KJC's Chili Recipe

For meat-eaters

This recipe is adapted from Bittman's How To Cook Everything. Invented 1/28/2003, updated 2/14/2003 (this page modified 2/17). It was hot for me (almost too hot), but I'm a bit of a spice wimp. Originally, I said omit the chile to make it milder, but we looked over the ingredients again & realized that ONE teaspoon of chili powder (instead of two) tones down the spice quite nicely and it's definitely not too hot for me now. Leftovers are fabulous.

Serves 2-3, depending upon appetites


1. Fry pork in a non-stick pan, breaking up chunks to make a crumble; season with salt, fresh ground pepper, and 1 tsp chili powder (2 tsp. for spicy) - cook completely through

2. While pork is frying, take a large pot, dump in the beans and tomatoes (don't bother to drain them), minced chile, cumin, oregano, garlic, salt and ground pepper - mix thoroughly and bring just to a boil

(Note that mincing a dried chile is a pain in the butt cuz the bits go everywhere - I use my thumb on one side and block the path of trajectory with my other hand on the other side of the blade - wash your hands with soap after you finish playing with the chile and BEFORE you touch any other part of your body.)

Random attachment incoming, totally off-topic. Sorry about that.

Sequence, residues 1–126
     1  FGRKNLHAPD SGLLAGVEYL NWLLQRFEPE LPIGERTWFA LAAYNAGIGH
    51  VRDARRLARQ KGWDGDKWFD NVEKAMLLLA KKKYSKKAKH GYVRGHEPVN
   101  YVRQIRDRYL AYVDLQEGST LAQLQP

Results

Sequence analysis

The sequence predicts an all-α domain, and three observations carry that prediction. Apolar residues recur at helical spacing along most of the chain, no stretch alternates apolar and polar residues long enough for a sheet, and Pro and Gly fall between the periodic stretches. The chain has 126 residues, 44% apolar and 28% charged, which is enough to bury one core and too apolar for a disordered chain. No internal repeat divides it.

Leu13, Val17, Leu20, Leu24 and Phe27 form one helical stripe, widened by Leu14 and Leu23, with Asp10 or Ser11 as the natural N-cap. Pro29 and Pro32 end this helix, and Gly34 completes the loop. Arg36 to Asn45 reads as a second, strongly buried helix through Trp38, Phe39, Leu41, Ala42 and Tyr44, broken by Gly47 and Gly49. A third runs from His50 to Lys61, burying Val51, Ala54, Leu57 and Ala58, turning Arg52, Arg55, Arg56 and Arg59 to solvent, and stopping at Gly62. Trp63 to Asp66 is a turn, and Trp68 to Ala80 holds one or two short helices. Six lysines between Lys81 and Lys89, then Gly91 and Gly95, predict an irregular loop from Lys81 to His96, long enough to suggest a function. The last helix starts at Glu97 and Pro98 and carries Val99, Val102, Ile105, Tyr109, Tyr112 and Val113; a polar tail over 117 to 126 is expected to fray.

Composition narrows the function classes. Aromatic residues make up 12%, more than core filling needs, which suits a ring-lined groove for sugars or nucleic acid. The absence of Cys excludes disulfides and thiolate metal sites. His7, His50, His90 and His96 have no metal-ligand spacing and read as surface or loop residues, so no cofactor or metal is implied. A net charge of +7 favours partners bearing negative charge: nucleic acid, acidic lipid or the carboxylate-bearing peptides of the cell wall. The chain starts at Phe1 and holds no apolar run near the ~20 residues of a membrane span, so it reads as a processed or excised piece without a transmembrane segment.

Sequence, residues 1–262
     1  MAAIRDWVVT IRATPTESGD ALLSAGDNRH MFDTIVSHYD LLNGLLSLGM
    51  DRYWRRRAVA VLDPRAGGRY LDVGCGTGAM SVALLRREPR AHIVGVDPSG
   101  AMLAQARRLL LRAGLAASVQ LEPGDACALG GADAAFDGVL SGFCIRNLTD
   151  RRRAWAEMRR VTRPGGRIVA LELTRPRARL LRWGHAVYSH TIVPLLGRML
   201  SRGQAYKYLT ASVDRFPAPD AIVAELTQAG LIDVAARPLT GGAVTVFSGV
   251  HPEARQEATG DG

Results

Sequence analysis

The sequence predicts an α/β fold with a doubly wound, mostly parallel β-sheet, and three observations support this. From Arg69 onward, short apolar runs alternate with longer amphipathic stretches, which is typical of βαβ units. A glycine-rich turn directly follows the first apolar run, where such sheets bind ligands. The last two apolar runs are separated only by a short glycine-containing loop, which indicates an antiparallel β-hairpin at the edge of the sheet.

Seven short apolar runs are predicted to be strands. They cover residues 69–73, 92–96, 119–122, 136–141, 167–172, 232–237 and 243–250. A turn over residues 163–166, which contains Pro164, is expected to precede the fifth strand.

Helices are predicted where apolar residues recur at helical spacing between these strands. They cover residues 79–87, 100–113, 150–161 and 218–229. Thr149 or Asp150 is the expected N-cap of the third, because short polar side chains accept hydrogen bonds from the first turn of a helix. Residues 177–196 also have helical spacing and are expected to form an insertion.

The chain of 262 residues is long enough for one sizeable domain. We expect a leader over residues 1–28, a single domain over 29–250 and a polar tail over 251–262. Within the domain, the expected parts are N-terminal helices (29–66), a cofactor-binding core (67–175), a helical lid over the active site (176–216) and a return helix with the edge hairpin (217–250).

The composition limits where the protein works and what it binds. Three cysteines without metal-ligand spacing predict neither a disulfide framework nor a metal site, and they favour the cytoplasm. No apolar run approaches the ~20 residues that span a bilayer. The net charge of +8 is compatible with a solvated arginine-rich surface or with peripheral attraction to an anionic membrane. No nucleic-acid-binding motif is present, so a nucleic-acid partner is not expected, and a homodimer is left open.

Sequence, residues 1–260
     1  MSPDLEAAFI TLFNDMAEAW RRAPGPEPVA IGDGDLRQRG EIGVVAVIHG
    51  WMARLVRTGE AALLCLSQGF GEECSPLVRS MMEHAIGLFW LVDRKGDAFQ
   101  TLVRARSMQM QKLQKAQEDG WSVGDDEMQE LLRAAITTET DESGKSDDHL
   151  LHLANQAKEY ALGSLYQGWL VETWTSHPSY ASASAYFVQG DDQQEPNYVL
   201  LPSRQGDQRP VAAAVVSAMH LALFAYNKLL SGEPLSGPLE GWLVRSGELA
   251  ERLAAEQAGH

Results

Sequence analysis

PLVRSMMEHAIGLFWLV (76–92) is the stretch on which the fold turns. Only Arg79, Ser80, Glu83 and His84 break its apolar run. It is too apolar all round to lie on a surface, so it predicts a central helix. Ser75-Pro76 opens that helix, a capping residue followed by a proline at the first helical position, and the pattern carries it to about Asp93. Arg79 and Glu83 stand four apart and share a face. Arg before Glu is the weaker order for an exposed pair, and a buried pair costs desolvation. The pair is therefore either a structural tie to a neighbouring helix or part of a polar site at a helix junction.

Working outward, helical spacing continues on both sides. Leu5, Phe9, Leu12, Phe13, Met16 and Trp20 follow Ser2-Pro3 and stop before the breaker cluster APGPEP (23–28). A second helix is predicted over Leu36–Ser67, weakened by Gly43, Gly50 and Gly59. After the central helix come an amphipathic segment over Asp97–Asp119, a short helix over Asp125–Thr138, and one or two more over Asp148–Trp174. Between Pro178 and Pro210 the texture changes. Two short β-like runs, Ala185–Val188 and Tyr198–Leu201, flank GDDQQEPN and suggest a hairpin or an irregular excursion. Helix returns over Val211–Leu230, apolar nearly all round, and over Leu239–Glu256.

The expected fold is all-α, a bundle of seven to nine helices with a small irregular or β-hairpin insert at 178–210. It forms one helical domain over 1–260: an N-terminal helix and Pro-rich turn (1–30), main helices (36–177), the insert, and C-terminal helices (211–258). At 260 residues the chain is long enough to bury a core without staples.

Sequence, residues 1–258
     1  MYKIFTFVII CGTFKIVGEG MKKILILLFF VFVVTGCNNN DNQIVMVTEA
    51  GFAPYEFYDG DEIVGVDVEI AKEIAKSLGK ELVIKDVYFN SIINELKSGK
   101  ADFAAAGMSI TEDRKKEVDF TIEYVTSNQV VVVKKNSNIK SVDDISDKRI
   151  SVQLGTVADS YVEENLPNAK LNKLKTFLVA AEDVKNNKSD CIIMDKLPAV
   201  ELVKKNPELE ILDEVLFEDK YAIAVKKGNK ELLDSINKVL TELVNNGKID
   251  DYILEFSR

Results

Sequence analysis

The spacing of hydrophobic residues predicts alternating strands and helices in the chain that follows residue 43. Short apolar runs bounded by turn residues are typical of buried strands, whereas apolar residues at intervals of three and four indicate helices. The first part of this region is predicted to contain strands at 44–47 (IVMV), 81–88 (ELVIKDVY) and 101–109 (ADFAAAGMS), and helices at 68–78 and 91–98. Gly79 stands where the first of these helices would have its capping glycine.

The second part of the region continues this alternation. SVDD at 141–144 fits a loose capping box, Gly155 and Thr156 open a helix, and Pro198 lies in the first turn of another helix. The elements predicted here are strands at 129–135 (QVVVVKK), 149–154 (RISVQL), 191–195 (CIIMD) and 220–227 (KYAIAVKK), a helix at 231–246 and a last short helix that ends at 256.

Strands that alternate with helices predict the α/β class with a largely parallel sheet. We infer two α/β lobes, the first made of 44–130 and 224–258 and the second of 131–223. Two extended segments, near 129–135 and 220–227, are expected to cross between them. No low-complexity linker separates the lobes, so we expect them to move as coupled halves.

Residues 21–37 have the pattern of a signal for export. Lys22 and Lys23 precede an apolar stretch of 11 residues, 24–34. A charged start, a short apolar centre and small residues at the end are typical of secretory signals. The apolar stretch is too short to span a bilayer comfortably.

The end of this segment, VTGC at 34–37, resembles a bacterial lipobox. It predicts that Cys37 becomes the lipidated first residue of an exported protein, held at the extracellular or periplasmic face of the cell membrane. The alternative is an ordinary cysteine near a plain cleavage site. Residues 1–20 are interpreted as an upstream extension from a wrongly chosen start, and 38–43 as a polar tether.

3. Turn the heat down to simmer bean & tomato goo for 15 minutes to blend flavors, stirring occasionally (10 minutes covered, 5 minutes uncovered to evaporate some of the liquid - adjust to your tastes)

4. Add fully cooked pork to bean & tomato goo - ideally, aim for about halfway through the 15 minutes so all the flavors get to blend, but you could easily put it in at the beginning... (I'm not sure how good it would be if you dumped it in at the end with the rice, but go for it)

5. In another small saucepan, boil chicken broth or stock and butter; once boiling, add rice, stir, cover, remove from heat (follow package directions) - most instance rice packages need 5 minutes to absorb the liquid, so if you time it right, it'll be done at the same time as your chili

6. When 15 minutes are up, mix rice into chili and serve with finely grated cheddar (or you can put the rice in bowls and serve the chili over it and the cheddar on top of that... or anyway you want it)

Bittman likes starting from dried beans, but with this recipe you can actually put the whole thing together and eat in under 30 minutes (especially if you have a helper either frying the pork or handling the bean & tomato goo). His recipe calls for EITHER chili powder OR cumin/oregano/dried chili - note that I use both. Your mileage may vary.

I also like a nice piece of toast from home-made bread with this, but I'm spoiled.

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